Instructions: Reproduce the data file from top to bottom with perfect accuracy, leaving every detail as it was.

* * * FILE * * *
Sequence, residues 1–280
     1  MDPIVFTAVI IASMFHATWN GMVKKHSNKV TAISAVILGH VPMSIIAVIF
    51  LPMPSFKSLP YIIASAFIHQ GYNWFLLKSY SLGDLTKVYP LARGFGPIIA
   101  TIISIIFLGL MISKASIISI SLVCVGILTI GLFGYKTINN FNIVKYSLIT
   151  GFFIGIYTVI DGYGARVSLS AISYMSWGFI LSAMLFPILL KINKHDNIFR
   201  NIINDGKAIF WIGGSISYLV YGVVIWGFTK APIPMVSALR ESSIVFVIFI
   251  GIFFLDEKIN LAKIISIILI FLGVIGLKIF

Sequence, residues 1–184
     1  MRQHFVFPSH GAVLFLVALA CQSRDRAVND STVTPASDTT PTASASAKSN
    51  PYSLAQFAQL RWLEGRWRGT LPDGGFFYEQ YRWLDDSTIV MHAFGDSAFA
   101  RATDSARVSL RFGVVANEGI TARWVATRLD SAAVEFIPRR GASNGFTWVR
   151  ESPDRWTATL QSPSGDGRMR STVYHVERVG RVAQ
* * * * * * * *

Sequence, residues 1–280
     1  MDPIVFTAVI IASMFHATWN GMVKKHSNKV TAISAVILGH VPMSIIAVIF
    51  LPMPSFKSLP YIIASAFIHQ GYNWFLLKSY SLGDLTKVYP LARGFGPIIA
   101  TIISIIFLGL MISKASIISI SLVCVGILTI GLFGYKTINN FNIVKYSLIT
   151  GFFIGIYTVI DGYGARVSLS AISYMSWGFI LSAMLFPILL KINKHDNIFR
   201  NIINDGKAIF WIGGSISYLV YGVVIWGFTK APIPMVSALR ESSIVFVIFI
   251  GIFFLDEKIN LAKIISIILI FLGVIGLKIF

Sequence, residues 1–184
     1  MRQHFVFPSH GAVLFLVALA CQSRDRAVND STVTPASDTT PTASASAKSN
    51  PYSLAQFAQL RWLEGRWRGT LPDGGFFYEQ YRWLDDSTIV MHAFGDSAFA
   101  RATDSARVSL RFGVVANEGI TARWVATRLD SAAVEFIPRR GASNGFTWVR
   151  ESPDRWTATL QSPSGDGRMR STVYHVERVG RVAQ